“You guys with all your masks, you look very different than you used to,” he said, not wearing one himself.
“We’re just trying not to die,” replied Jake Sherman, a reporter for Politico.
Dr. Deborah L. Birx still coordinates the task force from her office in the West Wing, regularly updates senior staff members and still meets often with Vice President Mike Pence, according to one official, but appears only occasionally to present and discuss new virus data with reporters. Mr. Pence met Wednesday with Trump campaign workers, who posed for a photo, huddling together, thumbs up, their faces bare.
And Adm. Brett P. Giroir, who has been the administration’s point person overseeing coronavirus testing, told colleagues in an email that he was resuming his regular duties as the assistant secretary for health.
“While I remain committed to the fight against Covid-19, and will spend a portion of my time in direct support of the pandemic response,” he wrote, “I feel personally compelled to continue our office’s leadership in childhood vaccination, combating substance misuse, ending the H.I.V. epidemic in America, and improving the lives of all living with sickle cell disease.”
For nearly two weeks now, the nation has been convulsed by the twin crises of the coronavirus and the civil unrest that followed the death of Mr. Floyd, a black man who gasped for air with his neck under the knee of a police officer. Congress continues to address the coronavirus crisis — in addition to Wednesday’s health committee hearing, Mr. Mnuchin appeared before the Senate Small Business Committee, where he defended the administration’s decision to reopen the economy.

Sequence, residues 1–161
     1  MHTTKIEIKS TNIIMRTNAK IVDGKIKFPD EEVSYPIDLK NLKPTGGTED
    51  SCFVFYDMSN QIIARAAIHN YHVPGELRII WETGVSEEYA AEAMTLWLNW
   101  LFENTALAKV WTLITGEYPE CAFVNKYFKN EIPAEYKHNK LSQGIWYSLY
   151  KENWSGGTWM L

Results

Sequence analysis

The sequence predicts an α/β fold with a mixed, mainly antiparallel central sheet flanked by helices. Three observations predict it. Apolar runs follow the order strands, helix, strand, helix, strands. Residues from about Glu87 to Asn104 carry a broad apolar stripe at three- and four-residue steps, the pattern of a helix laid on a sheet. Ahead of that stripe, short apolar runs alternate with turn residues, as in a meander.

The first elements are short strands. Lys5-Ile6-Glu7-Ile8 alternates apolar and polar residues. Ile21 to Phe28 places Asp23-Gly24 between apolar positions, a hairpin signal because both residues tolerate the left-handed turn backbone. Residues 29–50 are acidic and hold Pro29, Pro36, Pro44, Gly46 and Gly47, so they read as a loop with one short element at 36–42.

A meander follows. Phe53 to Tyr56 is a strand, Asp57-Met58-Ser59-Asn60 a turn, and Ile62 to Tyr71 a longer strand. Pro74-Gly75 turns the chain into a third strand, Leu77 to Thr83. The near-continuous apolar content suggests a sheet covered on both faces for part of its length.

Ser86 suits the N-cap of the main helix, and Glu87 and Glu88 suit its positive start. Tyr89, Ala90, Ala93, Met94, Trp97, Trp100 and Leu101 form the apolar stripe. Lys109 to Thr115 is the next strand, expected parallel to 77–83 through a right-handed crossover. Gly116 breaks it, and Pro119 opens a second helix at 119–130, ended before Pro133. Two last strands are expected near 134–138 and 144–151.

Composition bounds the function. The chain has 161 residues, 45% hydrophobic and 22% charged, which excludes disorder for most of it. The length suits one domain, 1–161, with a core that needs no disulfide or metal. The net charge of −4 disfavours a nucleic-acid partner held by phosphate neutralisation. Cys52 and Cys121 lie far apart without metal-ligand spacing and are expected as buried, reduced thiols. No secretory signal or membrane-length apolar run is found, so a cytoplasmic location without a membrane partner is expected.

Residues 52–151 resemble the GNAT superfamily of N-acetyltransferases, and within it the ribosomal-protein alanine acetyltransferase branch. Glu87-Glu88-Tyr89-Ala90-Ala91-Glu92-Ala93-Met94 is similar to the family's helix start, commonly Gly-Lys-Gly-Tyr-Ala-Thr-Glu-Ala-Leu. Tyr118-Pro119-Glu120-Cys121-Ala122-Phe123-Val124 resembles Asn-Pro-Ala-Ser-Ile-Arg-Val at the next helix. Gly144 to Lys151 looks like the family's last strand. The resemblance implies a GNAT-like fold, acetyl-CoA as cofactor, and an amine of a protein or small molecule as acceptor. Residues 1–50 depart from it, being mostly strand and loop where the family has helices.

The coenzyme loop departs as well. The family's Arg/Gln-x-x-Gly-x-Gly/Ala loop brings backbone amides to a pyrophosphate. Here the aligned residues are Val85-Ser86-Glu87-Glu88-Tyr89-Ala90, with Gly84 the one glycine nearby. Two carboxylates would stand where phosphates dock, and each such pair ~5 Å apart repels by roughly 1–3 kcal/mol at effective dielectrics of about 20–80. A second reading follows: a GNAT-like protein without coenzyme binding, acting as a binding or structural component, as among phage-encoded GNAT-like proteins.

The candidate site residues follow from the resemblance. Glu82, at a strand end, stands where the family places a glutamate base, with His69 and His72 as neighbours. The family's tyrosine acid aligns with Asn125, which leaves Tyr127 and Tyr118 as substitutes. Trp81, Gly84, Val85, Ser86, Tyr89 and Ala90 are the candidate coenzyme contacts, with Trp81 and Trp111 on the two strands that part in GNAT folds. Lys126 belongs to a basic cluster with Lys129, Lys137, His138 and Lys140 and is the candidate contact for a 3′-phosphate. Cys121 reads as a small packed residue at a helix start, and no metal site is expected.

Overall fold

But the big news on Capitol Hill on Wednesday was the testimony of Mr. Floyd’s brother, Philonise Floyd, before the House Judiciary Committee. “I’m here to ask you to make it stop,” he said, asking lawmakers to make sure that his brother “is more than another face on a T-shirt.”
Senator Lamar Alexander of Tennessee, the chairman of the Committee on Health, Education, Labor and Pensions, convened a virtual hearing Wednesday on how to overcome obstacles — like creating social distance and a “mask-wearing culture” — to getting children back to school.